Palestine, the name
Palestine acquired its name from the Mediterranean immigrants who came from the southern Greek Islands in the 12 lh century B.C., and were known as the "people of the sea". In the old Egyptian scripts, they were referred to as the P.L.S.T, the N was added later possibly to pluralize the noun; they are referred to as the Philistines. The land, previously known as the Land of Canaan, took the name of the new settlers and came to be known as Palestine. Throughout the centuries of Muslim rule, Palestine had been an integral part of a larger geographical unit, Bilad Al-Sham or Greater Syria, as a sub-district or "Jund" in the language of that time. The sub-district of Palestine embraced a larger area than the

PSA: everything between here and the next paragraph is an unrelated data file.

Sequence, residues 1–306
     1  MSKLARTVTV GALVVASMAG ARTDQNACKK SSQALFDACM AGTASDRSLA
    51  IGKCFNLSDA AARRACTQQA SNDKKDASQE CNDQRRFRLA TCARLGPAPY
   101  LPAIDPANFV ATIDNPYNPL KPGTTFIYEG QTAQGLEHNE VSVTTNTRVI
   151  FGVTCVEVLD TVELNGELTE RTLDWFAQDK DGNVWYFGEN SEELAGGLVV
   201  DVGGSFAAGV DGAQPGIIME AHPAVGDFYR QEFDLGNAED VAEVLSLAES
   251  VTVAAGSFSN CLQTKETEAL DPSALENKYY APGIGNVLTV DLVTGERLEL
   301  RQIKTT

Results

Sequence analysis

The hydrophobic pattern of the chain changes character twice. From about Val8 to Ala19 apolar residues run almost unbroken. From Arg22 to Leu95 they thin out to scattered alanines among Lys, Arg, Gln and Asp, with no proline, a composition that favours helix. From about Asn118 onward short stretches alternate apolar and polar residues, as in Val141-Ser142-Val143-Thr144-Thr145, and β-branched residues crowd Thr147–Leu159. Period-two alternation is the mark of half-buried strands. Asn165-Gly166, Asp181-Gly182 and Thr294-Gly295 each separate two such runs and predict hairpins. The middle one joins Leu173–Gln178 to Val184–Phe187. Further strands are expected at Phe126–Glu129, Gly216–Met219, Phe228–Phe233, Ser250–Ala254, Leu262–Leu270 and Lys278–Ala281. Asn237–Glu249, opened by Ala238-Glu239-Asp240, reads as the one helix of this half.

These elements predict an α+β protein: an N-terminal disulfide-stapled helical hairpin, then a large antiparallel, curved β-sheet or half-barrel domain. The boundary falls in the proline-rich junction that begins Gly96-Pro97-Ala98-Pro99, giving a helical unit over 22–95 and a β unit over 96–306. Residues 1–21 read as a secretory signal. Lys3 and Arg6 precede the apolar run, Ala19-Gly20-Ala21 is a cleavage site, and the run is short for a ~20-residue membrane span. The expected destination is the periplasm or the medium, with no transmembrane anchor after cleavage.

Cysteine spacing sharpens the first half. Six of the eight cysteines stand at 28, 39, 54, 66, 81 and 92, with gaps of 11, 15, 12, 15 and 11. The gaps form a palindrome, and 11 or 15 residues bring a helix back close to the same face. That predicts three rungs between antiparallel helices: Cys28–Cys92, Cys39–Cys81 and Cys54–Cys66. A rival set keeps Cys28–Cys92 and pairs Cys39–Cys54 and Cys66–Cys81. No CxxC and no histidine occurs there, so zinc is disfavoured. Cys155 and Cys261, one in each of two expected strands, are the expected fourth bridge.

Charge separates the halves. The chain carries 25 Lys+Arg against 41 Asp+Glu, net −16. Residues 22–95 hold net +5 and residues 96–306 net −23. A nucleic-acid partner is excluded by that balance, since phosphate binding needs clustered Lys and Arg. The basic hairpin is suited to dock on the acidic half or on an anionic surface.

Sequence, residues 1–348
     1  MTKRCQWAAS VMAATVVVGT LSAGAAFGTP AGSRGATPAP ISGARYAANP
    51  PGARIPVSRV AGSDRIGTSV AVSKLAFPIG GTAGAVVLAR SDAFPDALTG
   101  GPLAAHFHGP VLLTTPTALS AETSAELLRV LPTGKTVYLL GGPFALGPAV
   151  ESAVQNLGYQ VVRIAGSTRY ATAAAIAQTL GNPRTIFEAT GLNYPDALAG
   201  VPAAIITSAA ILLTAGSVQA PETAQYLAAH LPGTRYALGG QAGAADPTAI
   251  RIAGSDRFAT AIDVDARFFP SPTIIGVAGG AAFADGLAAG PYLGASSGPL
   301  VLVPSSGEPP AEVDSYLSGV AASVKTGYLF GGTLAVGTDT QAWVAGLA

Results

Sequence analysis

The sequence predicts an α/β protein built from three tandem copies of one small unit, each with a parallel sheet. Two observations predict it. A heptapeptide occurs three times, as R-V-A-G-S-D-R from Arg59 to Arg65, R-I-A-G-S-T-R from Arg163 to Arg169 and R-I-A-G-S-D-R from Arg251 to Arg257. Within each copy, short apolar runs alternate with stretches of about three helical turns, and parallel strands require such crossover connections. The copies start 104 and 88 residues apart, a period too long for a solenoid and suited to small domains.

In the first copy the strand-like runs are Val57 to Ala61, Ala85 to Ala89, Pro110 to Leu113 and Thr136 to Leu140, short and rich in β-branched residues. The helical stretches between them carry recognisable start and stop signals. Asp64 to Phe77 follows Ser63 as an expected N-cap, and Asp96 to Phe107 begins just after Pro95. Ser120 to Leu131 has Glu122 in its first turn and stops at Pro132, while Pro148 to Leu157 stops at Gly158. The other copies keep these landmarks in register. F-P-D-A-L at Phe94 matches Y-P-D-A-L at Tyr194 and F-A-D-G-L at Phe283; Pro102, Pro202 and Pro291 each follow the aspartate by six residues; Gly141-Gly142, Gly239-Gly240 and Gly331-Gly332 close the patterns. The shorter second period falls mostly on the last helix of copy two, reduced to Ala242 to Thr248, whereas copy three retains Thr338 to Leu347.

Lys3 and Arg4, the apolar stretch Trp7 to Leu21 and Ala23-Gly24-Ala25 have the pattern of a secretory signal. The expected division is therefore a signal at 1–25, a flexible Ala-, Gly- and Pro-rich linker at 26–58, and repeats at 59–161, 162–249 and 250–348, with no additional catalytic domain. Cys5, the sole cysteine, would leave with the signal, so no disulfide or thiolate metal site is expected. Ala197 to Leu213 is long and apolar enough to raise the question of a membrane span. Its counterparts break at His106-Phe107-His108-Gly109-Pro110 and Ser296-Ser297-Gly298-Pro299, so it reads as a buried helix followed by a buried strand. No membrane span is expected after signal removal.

present one. The new boundaries were set during the time of British colonization (1918-1948), and on the bases of the
Sykes-Picot agreement between France and Britain that divided the territories of the disintegrated Ottoman State.